Friday, 3 October 2014

Size Matters?

I got an iPhone a few weeks ago, but I’ve only just really got round to exploring its capabilities (beyond phone calls and texts, of course, and checking to make sure I still haven’t had any emails).  I must say, it’s very clever, and I’m sure sooner or later I’ll find some excuses to use some of the features, like the compass.  In the meantime, I’ve been musing about mobile phones and how they’ve evolved over the years.
In the beginning, they were the size, shape and weight of a house brick (and about as good at communication).  I remember when a rather self-important manager where I worked got one of those, and would parade up and down the corridor pretending to converse on it.  He had a perfectly good fixed-line phone in his office, of course, but that wasn’t the point.  We stared and sniggered, possibly with a frisson of envy. 
Over a few years, mobiles rapidly got smaller and smaller.  My first one, bought purely for emergency use, was about the size, shape and weight of the VHS recorder’s remote control.  My suit jacket sagged to the left.  The next one, which also contained a camera (why? I wondered), was half as big. I don’t think I ever took a picture with it. (Why would I?  I had a perfectly good brick-sized SLR for that.)  But you could usually make phone calls, provided you were in exactly the right location at the right time.  (This is still true.)
Over time, they shrank and shrank to the point where you had to use a pin to press the buttons.  (Yes, children, believe it or not, phones had buttons in those days.)  The joke was that this was the only area in which men bragged about having the smallest one.  My last phone was small enough to wriggle through a little hole in the breast pocket of my jacket onto (I reckon) the floor of a London taxi.  Hence the iPhone.
Just after I got the iPhone 5C, the new version 6 came out.  I knew this was going to happen, of course, and got a pretty good price deal as a result.  But I have noticed that they’re getting bigger again.  I saw someone on the street this morning talking into something that looked about A5 size.  Admittedly they’re only growing in two dimensions, they’ll never be as thick as a brick again.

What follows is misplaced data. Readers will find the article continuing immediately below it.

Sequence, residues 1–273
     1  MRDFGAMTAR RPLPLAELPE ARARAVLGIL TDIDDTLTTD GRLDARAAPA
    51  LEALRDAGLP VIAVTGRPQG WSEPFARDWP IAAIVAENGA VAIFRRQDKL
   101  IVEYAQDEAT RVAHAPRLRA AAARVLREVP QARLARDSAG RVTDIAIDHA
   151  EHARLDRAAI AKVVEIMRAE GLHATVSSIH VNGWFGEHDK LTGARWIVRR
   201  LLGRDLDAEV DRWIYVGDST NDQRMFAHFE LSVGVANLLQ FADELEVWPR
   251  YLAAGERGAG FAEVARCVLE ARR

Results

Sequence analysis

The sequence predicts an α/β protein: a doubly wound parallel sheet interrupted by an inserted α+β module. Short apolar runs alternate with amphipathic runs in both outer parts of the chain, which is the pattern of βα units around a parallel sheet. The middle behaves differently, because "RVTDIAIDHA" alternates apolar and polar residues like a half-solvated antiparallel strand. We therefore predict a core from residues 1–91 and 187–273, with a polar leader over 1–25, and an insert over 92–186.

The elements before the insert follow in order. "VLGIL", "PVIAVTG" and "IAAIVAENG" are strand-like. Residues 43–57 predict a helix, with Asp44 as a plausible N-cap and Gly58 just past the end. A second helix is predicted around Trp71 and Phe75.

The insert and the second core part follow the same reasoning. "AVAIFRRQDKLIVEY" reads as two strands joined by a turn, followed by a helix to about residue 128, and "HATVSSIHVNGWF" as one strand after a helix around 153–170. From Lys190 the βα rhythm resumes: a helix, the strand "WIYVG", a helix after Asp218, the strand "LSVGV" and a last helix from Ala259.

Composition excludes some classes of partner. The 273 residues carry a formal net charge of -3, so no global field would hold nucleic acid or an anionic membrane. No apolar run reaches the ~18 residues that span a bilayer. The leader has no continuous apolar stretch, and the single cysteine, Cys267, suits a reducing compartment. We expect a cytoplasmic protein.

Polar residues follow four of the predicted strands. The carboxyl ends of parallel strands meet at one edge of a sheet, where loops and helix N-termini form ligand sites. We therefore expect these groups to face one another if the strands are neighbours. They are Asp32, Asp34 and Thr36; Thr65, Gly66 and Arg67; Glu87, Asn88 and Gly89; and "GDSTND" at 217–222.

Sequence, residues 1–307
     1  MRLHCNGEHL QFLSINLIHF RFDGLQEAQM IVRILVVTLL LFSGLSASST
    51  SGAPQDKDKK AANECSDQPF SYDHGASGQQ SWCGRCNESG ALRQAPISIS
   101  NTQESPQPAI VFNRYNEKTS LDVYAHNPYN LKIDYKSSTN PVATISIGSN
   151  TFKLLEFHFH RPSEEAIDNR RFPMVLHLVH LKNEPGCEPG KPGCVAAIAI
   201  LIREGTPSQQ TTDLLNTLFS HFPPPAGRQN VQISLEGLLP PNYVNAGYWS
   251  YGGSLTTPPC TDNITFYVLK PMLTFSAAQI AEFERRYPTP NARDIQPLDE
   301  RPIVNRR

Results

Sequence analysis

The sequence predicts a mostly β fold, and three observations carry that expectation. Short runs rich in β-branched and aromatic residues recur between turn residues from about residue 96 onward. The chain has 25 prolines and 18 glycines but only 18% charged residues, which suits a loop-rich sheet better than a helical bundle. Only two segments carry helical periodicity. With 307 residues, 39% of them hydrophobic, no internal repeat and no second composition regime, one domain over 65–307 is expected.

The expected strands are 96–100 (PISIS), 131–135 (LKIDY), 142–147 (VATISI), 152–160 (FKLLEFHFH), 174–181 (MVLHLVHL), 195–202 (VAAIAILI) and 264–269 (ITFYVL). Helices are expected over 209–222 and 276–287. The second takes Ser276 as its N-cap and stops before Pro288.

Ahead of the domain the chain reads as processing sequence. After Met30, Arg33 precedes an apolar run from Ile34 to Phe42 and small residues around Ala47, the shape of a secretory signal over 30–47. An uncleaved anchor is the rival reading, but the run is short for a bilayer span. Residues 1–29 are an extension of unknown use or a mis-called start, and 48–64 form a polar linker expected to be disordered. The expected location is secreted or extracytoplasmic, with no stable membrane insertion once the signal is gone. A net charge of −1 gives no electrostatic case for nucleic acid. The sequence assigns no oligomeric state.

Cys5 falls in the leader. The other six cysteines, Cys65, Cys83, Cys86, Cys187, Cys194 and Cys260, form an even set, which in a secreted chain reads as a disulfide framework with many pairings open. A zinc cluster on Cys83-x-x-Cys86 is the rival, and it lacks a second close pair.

More like a carpet tile, from what I hear.  Bendability wasn’t a planned design feature, but I bet the guys at Cupertino are working on it right now.  The iPhone 10 or 11 will be made of graphene, so you can fold it up, stick it in your pocket or bag and accidentally throw it away along with a used tissue.  You heard it here first.


  1. Now you're making me nostalgic. For the days when mobile batteries would last days on s single charge.

  2. Apparently the latest iPhone melts in your pocket, so you're better off as you are, Tim.

  3. I don't want a bigger one, but buying an iPhone was one of the best things I've ever done in my life. Nearly five years of happiness from it so far. From them, I should say.

  4. I'm not a fan of Apple, so went for a different brand of smartphone and was surprised by how much I used it. I recently acquired to a slightly larger phone with more capabilities but the disadvantage of the extra 'stuff' is shorter battery life; 36 hours is the most I have managed between charges. The other disadvantage of extra 'stuff', as you have observed Tim, is that phones have started to get bigger again. I too have seen smart phones that are almost as big as a tablet. My current phone still fits in the back pocket of my jeans, but not as snugly as my previous smaller phone did and sometimes it falls out of my pocket when I sit down. I wouldn't want anything any bigger than my current phone because for me personally, when it stops being portable, it will stop being useful.

  5. Rog, I've discovered the trick of making the battery last, which is not to use the thing. I suspect however that I will eventually succumb.